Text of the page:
Because the FCA defines "knowingly" as including "deliberate ignorance" and "reckless disregard", an effective compliance plan provides significant protection for providers. However, difficult decisions can arise when compliance activities uncover billing problems that may have been taking place for some time, especially in light of the new broad definition of "obligation". While we have always recommended that providers conduct compliance audits prospectively, and, at a minimum, retain counsel in order to protect compliance activities through the attorney client and/or work product privilege, the FERA amendments make this decision more important than ever.

FERA also includes several amendments that will make it easier for qui tam, i.e., "whistleblower" lawsuits to proceed. Specifically, FERA expands "whistleblower" protection to government contractors and agents and expands the statute of limitations with regard to government intervention in qui tam lawsuits by allowing the government's complaint to "relate back" to the "whistleblower's" filing.

In addition, FERA gives the federal government greater flexibility in the discovery process, by allowing the Attorney General to delegate its authority to issue Civil Investigative Demands ("CIDs") to other officials. This will make it easier for federal officials to conduct discovery such as depositions, interrogatories and requests for production. Also, this information can now be shared with "whistleblowers" making it easier to cure defects in the whistleblower's complaint.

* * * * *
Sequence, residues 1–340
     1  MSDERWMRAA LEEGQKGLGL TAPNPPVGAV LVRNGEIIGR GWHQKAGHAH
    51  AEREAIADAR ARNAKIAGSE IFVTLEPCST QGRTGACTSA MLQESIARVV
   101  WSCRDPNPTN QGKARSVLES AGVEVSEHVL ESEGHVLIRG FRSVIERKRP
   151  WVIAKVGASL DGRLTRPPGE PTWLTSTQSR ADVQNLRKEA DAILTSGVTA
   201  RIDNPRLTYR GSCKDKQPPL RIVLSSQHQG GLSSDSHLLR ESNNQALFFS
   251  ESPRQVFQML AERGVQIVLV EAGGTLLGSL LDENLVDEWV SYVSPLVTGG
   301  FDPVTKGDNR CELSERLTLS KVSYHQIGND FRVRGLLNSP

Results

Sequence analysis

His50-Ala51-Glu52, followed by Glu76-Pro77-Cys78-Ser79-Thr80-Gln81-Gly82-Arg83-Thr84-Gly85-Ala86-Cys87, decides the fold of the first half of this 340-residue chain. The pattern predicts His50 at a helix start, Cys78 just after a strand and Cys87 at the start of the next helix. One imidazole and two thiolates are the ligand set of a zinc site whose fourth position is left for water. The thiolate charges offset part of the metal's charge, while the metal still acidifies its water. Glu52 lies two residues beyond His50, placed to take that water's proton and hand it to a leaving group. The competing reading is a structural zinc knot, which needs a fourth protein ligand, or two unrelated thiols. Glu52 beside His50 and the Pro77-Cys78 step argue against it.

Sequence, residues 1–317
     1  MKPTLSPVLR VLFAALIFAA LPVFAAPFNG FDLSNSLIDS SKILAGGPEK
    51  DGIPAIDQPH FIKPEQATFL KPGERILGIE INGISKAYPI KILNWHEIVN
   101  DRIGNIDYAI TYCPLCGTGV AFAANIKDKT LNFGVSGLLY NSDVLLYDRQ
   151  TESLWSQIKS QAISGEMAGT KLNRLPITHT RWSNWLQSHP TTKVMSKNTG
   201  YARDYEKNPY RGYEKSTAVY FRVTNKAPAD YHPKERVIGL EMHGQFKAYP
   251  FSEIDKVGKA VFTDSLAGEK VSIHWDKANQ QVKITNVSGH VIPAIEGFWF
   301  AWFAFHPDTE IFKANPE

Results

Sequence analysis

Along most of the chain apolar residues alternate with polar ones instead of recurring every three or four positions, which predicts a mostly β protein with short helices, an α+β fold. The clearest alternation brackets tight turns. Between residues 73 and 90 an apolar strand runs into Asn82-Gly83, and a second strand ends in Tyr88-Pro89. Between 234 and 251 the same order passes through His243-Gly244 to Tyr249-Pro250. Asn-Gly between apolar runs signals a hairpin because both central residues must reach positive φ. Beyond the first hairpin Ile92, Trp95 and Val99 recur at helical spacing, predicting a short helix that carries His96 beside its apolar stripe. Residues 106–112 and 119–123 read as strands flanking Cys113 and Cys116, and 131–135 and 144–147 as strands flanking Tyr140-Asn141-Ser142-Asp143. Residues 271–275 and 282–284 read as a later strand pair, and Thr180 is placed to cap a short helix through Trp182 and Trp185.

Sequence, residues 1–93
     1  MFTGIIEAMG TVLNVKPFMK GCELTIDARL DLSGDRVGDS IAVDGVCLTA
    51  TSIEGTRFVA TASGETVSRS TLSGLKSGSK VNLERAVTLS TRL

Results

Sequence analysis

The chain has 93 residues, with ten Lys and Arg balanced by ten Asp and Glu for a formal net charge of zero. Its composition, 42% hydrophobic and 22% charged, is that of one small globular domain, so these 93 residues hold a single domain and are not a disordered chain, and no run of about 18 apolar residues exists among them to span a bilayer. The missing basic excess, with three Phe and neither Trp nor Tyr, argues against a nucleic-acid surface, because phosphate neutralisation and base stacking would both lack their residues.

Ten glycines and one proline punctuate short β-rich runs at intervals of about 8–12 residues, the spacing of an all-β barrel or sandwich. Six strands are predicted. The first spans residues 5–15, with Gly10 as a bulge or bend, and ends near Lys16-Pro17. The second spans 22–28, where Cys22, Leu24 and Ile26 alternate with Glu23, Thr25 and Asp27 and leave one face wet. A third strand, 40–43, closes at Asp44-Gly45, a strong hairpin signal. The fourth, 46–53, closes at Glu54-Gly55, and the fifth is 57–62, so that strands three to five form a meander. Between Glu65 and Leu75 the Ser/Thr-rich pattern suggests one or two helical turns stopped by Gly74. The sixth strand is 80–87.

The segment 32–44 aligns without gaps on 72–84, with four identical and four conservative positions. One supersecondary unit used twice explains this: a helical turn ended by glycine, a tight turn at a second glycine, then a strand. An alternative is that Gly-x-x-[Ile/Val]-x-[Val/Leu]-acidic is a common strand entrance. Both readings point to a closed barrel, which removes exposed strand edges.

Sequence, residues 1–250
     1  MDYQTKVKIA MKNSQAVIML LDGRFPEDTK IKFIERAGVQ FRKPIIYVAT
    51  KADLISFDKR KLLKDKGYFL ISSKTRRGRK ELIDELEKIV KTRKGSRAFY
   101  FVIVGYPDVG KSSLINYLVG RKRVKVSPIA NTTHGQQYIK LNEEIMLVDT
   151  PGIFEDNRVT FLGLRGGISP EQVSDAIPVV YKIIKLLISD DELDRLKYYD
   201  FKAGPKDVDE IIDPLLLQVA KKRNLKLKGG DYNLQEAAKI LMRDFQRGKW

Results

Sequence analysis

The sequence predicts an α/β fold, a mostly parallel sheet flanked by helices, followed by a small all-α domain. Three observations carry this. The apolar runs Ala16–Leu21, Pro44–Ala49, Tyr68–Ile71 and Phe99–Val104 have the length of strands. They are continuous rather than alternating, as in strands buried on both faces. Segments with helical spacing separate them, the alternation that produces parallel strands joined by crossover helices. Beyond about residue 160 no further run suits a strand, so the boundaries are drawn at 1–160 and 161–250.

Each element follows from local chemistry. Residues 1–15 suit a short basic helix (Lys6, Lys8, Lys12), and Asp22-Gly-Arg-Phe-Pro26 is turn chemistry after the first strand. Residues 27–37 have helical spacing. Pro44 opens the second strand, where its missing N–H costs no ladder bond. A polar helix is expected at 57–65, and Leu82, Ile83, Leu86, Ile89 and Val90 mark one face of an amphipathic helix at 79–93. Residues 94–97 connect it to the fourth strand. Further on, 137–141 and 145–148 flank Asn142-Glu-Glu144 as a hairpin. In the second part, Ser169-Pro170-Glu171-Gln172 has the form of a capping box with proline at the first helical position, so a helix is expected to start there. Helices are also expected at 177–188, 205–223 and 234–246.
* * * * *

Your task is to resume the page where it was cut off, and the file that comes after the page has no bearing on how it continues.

Although most of the amendments to the FCA apply prospectively, the elimination of the "intent" requirement is an exception. Specifically, the amendments that require a false record or statement to be "material to a false or fraudulent claim" will apply retroactively to all claims pending as of June 7, 2008.

The FERA amendments make it easier for the federal government to prosecute health care providers and entities who violate the FCA. To minimize risk, healthcare providers must be aware of their obligations with regard to all healthcare related statutes and regulations and must have an effective compliance plan in place that will enhance compliance and promptly identify overpayment obligations.

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About the Author
Occupation: Attorney
Wachler & Associates, P.C., is a law firm providing healthcare legal services to healthcare providers, suppliers and entities nationwide. Since 1980, the attorneys of Wachler & Associates, P.C., have successfully defended thousands of Medicare, Medicaid and other third party payor audits. Our lawyers are recognized as authorities in this area of healthcare law.